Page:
China: Subsidy Charge Looms on Textiles Export(2007-5-11)
May 11, 2007
Chinese textile manufacturers, already victims of overseas dumping charges and safeguard measures, now face a potential U.S. countervailing investigation.
The U.S. National Council of Textile Organizations (NCTO) is getting in touch with lawyers representing US paper enterprises, which initiated the first countervailing case against Chinese products, to launch similar charges against "Made in China" garments, according to China Chamber of Commerce for Import and Export of Textiles (CCCT).
The U.S. Department of Commerce in March announced a preliminary countervailing duty on "Made in China" coated paper. With that, it contravened a two-decade rule of not applying the trade remedy to goods from so-called non-market economies, like China.
"The U.S. industrial organization may not launch the case in the near future but it is likely to make the decision for the next step after the final ruling on the coated paper case," said an official with CCCT who declined to give her name.
U.S. industry or government might stir into action when the Sino-U.S. agreement on textile trade, which caps the growth of China's textile and garment exports to the United States, expires in 2008.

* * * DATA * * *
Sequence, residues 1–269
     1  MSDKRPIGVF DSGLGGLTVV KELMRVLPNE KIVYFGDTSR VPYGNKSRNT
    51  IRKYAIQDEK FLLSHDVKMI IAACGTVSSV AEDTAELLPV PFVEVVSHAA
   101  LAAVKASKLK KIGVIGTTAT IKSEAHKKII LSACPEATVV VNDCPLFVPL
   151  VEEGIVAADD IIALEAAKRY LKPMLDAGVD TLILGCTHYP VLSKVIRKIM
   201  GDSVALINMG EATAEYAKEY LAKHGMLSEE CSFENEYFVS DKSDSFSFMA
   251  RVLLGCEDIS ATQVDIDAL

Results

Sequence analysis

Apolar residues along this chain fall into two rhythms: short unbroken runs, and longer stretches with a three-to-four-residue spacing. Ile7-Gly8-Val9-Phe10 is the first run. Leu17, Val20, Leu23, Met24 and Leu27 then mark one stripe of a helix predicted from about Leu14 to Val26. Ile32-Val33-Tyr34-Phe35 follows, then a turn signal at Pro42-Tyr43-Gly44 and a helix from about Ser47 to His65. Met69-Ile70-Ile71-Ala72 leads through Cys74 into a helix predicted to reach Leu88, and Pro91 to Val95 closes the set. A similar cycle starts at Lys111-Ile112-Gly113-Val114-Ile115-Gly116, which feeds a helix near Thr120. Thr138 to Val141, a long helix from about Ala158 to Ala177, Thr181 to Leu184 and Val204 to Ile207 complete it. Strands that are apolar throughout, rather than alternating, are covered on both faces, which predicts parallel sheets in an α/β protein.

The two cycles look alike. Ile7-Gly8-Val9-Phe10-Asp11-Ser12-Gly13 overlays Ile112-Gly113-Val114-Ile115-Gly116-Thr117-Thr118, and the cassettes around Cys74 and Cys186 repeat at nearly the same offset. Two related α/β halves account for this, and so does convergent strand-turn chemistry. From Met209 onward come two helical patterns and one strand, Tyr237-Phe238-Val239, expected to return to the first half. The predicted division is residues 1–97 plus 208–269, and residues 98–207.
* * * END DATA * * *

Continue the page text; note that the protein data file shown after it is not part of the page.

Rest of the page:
The removal of quotas in global textile trade triggered in 2005 a surge in China's textile exports to the United States. The American government, which feared this might hurt its domestic industry, launched special safeguard measures on a few categories of Chinese textiles and garments. The two countries finally reached the agreement after months of negotiations.
"If the NCTO does file a complaint against Chinese garments at the US Department of Commerce, the investigation will affect a much larger scale of subsidies than in the coated paper case," said a CCCT official.
CCCT noted the possible investigation on Chinese garment industry, which is mainly export-oriented, is likely to target export-promoting subsidies, policies and taxation. It may result in higher countervailing duties. In the paper case, the US mainly investigated the "favorable loans".
Some experts worry that other industries in China are also likely to face similar cases in the United States.
"Within six months, we think a dozen or so new preliminary countervailing findings will be in place against Chinese firms," said Stephen Green, senior economist with Standard Chartered.
Matthew McConkey, an expert from U.S.-based law firm DLA Piper, said a number of US firms are "watching and preparing". The U.S. flooring industry, for example, is likely to file a countervailing complaint against its Chinese rivals.
He predicted there would be at least three to four similar cases from the United States this year and said the scale of the cases would also increase [ChinaDaily News].This is highly paid much to details because the replica handbags company has stores all over the world and a slight mistake can end up destroying the whole collection. You will find A-list celebrities such as Sarah Jessica Parker, Janet Jackson and Nicole Kidman wearing swiss replica watches.